Home Cosmetic Science Talk Formulating Zinc rash cream

  • Zinc rash cream

    Posted by geepee on November 18, 2022 at 12:43 am

    Hi I am formulating a zinc cream for rash application and it is a great consistency, however it will only emulsify at lower temperatures ~50C and above that is split into water and oil.  In stability testing it has split when heated after a couple of weeks (not immediately) but has not split in freeze thaw or centrifuge testing. 
    I have never experienced something not emulsifying until it reaches a low temp so feel a bit out of my depth here.  The HLB is balanced with an overall HLB of around 8.
    An outline of the formula is as follows:

    Water <30%
    Zinc Oxide 15%
    Castor Oil <15%
    Apricot Kernel Oil <10%
    Glycerin ~5%
    Glyceryl Stearate Citrate SE 4%
    Mango Butter <5%
    Vegan Lanolin <5%
    Calendula infused oil (olive oil), borage seed oil, isoamyl laurate, aloe vera oil, MCT oil <10%
    Sorbitan Olivate 3%
    Pomegranate Extract <5%
    Rice Bran wax <5%
    Silica <5%
    Plantaserv A 1%
    Glyceryl Caprylate <1%
    I am wondering a few things:

    • Do i add some xanthan to the water phase to thicken it to help stop splitting?
    • Do i try adding a liquid solubiliser like Polysorbate 60 or Soya Lecithin?
    • What could be causing it to only emulsify at low temp - is it due to stopping mixing as it cools or water and oil phase at different temps?
    • Should i ignore the splitting in stability testing in an oven (~40C) as it wont be exposed to that heat for weeks on end (note it did not split until week 3 in an oven, all other samples at room and fridge are perfect after over a month) and i have other samples at room temp that have been fine for over 6 months
    • The product needs to be filled at below 50C so i cannot wait until it is completely cool to fill which is another issue.
    ketchito replied 1 year, 4 months ago 7 Members · 12 Replies
  • 12 Replies
  • paprik

    Member
    November 18, 2022 at 1:27 am

    If I am not mistaken Glyceryl Stearate Citrate is anionic high HLB emulsifier - O/W. 
    But it looks like you are trying to formulate W/O emulsion [Sorbitan Olivate, High lipid input, Lower water, zinc balms are usually W/O] …. Or if you are not trying to formulate W/O you should consider it (?)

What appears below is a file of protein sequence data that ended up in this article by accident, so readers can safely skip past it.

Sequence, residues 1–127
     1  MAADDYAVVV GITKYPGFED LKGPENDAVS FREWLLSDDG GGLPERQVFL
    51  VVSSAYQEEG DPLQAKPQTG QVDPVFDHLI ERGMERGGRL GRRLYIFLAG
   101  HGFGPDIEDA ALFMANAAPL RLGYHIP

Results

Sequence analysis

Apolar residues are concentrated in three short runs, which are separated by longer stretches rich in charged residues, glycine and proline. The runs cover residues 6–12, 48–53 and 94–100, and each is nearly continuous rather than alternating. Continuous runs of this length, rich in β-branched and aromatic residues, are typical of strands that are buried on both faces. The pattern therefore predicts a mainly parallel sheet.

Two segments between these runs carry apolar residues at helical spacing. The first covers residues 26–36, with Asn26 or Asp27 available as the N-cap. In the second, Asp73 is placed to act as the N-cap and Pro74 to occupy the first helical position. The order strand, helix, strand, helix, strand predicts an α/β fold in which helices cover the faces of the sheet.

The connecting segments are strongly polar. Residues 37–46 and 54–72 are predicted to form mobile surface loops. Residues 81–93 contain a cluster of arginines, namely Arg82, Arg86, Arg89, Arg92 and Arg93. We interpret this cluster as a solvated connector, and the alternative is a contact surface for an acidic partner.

Or add high HLB non-ionic emulsifier with little less Sorbitan Olivate. 

    I think it only holds together when cooled down due to the waxy material that solidify. But there is not enough high HLB emulsifier to hold all that lipid. 

    - Rheology modifier (gum, polymer) is also good for stability. For example XG for O/W or Polyamide-3 for W/O. 
    -Accelerated stability testing is a double-edged sword. As you mentioned, in RT it is ok. Sometimes things that are happening in the over won’t happen in real life. But it is a good indicator. Freeze/thaw is also very good - go for 6 cycles. 

    Hope this helps a little bit, hopefully someone will have another idea what is going on :) 

  • geepee

    Member
    November 18, 2022 at 1:43 am

    Thank you, I was feeling that this might be the issue in regards to the glyceryl stearate citrate.  
    What if I:

    • Added 0.5% xanthan - help thicken the water phase
    • Scrapped GSC and swapped it for another nonionic emulsifier with an hlb ~9 at 5% and took sorbitan olivate down to 2%
    • HLB drops to ~7.5

    Do you think the higher HLB emulsifier would be better at holding all of the lipid at the higher temp?

    100% accelerated stability is frustrating, it’s passed 6 rounds of freeze thaw but when you see the results from the oven it’s disheartening and makes me question the stability of the formula when I am sure it is fine.

    Should i be worried about only emulsifying in the cool down phase?  Is it an issue if it all comes together in the end? - I’m completely stumped here as i have never experienced this.  

  • Shams

    Member
    November 18, 2022 at 2:11 am

    Glyceryl Stearate Citrate is anionic emulsifier.
    Zinc + ions don’t prefer anionic.
    For ZnO creams , it is better to use non-ionic emulsifiers 

  • geepee

    Member